I leave town early tomorrow morning so I am posting this a little earlier than I normally would.
July 1st is Canadian Independence Day, July 4th is US Independence Day. My great-grandfather Barney, when he entered the US for the first time in 1907, wrote down that his nationality was Canadian. He had likely been living there for 3 years. My suspicion is that he misunderstood the question, but it’s possible that he had officially become a Canadian citizen. This may not have been a complicated process since he was already a British citizen, and Canada wasn’t completely independent yet. On my mother’s side I have several relatives who discovered a need to leave the US and enter Canada in the late 1700s. So there is cause for me to celebrate July 1 as well as July 4.
My ancestral lines have never been shy from taking a stand — but we have often stood separately, from each other, and in some cases, from ourselves.
I am a Son of the Confederacy and of The Union. The Civil War was a war between brothers, and it was common that families split down the middle. (Especially in a border state like Missouri, though my ancestors who wore either blue or grey weren’t living here at the time.) I also have ancestors who fought on both sides of the Revolutionary War – loyalists and revolutionaries (link to a poem I wrote several years ago). One ancestor first went to a revolutionary camp, and after a few weeks, bolted, and joined the loyalist Butler’s Rangers. It’s not clear if it was a change of heart/mind, or if he discovered like the lost student he was in the wrong classroom.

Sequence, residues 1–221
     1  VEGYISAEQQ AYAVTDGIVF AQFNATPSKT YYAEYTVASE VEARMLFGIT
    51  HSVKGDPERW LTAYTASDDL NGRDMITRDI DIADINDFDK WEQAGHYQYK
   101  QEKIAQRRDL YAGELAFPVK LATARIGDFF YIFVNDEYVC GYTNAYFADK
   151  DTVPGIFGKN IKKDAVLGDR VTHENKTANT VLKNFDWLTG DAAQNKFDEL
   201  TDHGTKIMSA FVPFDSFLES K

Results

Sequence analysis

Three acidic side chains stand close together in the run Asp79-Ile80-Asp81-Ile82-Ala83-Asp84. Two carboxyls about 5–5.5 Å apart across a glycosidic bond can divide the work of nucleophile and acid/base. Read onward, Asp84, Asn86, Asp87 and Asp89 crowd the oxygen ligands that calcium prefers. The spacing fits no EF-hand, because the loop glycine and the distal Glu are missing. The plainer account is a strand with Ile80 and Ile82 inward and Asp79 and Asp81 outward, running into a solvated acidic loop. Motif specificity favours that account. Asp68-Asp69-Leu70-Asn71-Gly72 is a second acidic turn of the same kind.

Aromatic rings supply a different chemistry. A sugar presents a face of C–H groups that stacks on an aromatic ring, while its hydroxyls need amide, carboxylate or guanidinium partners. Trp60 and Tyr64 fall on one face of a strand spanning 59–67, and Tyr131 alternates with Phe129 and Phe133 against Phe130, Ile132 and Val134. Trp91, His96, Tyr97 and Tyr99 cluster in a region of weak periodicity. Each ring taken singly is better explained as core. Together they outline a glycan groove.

Naturally, the Loyalists are those I mentioned above who found the need to speed over to Canada when the war was over.
We weren’t of divided mind during WWII. Both grandfathers and multiple great-uncles fought with the Allied Powers in various theaters. My father lost an uncle in France, and several relatives of my mother, who had remained in Romania, died in the concentration camps. I expect more relatives died there than we know, it’s just that much of our family genealogy stops on the border of the US, and we don’t know who remained. In my mom’s case, there were two survivors who migrated to Israel and started doing the research themselves to find us.
This first through fourth of July myself, my siblings, my parents, uncles, aunts and first-cousins will all be together, celebrating, in Costa Rica. We may not like the current administration, but this is no protest. We gather every few years for a reunion, in different locales, and we sought an extended-holiday weekend to plan around.
At these reunions, my parents’ generation always leads a discussion of family history. Passing on the stories they’ve been told, or have witnessed. I’m going to be expected to speak this year on my recent research. I shouldn’t be nervous; it’s my family. I’ve recited poetry in front of strangers. But then again — strangers are more forgiving (or at least more forgetful) than family.